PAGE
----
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About the book
  • Published: 1 September 2011
  • ISBN: 9781409041733
  • Imprint: Vintage Digital
  • Format: EBook
  • Pages: 288

Titus Awakes

The Lost Book of Gormenghast

Recently rediscovered manuscript of the sequel to The Gormenghast Trilogy. Published to tie in with the centenary of Mervyn Peake's birth

When Peake died in 1968, he left behind the start of a fourth Gormenghast book, Titus Awakes. His wife, the writer and artist Maeve Gilmore, completed the manuscript.

The book continues the story of the Titus, the 77th Earl of Groan, as he wanders in the modern world and finds his final resting place in Sark.

  • Pub date: 1 September 2011
  • ISBN: 9781409041733
  • Imprint: Vintage Digital
  • Format: EBook
  • Pages: 288

About the Authors

Mervyn Peake

Mervyn Peake was born in 1911 in Kuling, Central Southern China, where his father was a medical missionary. His education began in China and then continued at Eltham College in South East London, followed by the Croydon School of Art and the Royal Academy Schools. Subsequently he became an artist, married the painter Maeve Gilmore in 1937 and had three children. During the Second World War he established a reputation as a gifted book illustrator for Ride a Cock Horse (1940), The Hunting of the Snark (1941), and The Rime of The Ancient Mariner (1943). Titus Groan was published in 1946, followed in 1950 by Gormenghast. Among his other works are Shapes and Sounds (1941), Rhymes Without Reason (1944), Letters from a Lost Uncle (1948) and Mr Pye (1953). He also wrote a number of plays including The Wit to Woo (1957), which was met by critical failure. Titus Alone was published in 1959. Mervyn Peake died in 1968.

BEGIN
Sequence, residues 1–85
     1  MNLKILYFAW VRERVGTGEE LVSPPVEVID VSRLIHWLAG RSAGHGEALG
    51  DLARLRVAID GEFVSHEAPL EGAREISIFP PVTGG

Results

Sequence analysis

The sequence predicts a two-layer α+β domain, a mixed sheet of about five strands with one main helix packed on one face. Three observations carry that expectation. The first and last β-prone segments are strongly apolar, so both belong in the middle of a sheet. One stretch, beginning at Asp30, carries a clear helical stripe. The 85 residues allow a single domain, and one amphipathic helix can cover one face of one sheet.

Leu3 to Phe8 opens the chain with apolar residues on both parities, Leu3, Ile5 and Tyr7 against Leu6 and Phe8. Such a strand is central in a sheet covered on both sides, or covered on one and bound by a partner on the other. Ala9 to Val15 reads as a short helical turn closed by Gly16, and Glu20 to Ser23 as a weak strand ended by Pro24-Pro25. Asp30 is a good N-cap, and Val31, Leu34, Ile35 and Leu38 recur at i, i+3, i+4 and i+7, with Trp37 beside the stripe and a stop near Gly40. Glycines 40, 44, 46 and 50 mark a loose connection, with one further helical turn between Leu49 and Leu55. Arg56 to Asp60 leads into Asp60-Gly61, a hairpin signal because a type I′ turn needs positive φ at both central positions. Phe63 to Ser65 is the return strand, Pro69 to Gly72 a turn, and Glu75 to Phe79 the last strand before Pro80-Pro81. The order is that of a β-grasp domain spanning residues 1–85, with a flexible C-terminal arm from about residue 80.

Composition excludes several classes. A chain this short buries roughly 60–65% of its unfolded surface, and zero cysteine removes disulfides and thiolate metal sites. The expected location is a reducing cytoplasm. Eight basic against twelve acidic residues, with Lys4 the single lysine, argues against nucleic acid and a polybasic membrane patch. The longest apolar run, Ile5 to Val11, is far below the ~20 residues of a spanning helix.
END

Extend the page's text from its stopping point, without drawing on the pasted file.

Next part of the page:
Maeve Gilmore

Born in 1918, Maeve Gilmore was a painter, sculptor and writer. She married Mervyn Peake, author of the Gormenghast novels, in 1937 and they had three children. She is the author of Titus Awakes, the fourth book in the Gormenghast Trilogy, written from her husband's notes for the book. A World Away, an account of her life with Peake. Anthony Burgess wrote of that book, 'it is impossible not to be moved by Maeve Gilmore's memoir...The moral of Gilmore's exquisite and poignant book is that life is hell, but we had better be grateful for the conoslations of love and art. She died in August 2003.

Praise for Titus Awakes

“Peake does not, as some have said, defy classification; rather, he is beyond classification in any single genre, and therein perhaps lies his genius. In his centenary year it is to be hoped that the latest surge of interest in his enormous range of work will finally help to place him in his rightful position as one of Britain's most brilliant, original and creative figures'”

Times Literary Supplement

“A century after his birth, the gothic surrealism of Peake's fantasy world still attracts new fans. With more than 100 of his drawings, this splendid anniversary edition will entice even more into the towers, cellars and corridors of his blackly comic castle”


“Titus Awakes is a treasure salvaged from the ruins'”

New Statesman

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